POST CONFERENCE COURSES AT MELBOURNE COURSE I Treatme nt and Disposal of Wastewater by Low Cost Methods - 23rd-24th October. COURSE II Unit Processes in Wastewater Treatment October. COURSE Ill Advanced Treatment COURSE IV Bio log ica l Monitoring -

23rd -24th

25th October.

- - - - - -- - - - - - - - - - - - - - --- -25th-26th October.


17-22 OCTOBER, 1976.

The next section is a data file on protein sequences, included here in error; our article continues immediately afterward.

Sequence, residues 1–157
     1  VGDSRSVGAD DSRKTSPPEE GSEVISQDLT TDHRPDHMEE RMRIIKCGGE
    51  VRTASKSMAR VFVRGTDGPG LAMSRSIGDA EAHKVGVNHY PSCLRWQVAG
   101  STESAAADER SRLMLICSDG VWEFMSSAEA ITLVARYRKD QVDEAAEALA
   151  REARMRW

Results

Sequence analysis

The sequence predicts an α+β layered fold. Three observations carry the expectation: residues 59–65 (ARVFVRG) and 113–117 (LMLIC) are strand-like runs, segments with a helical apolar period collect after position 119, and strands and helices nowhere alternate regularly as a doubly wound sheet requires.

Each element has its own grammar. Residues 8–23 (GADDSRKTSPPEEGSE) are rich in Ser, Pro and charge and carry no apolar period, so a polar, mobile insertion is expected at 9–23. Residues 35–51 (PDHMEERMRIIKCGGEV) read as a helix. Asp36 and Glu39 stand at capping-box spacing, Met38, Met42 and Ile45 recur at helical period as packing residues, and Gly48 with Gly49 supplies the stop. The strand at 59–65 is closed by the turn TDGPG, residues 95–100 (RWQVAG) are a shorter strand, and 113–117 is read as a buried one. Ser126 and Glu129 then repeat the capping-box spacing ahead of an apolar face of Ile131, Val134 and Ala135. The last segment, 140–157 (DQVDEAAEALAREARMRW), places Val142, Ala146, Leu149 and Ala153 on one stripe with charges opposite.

The Efficacy of an Equalisation Pond in a Water Reclamation System (South Africa) The integration of Wastewater Treatment with Water Reclamation (South Africa) Disposal of Sludge Using Solid Wastes as Fuel (USA) Scale-up Methodology for Surface Aerated Reactors (Canada) (Hungary) Investigations into the Lime i;>recipitation of Raw Munici'pal Wastewater (USA) Simulation of Design-Storms with Probable Distributions (Germany) Fellmongery Waste Treatment - Comparison of Cost and Degree of Treatment (New Zealand) Calcium Carbonate and Magnesium Hydroxide-Solubility Product Values (South Africa) The Significance of Stormwater Runoff in an Urbanising Watershed (USA) Treatment Alternatives for Wastewaters from the Tapioca Starch Industry (Thailand)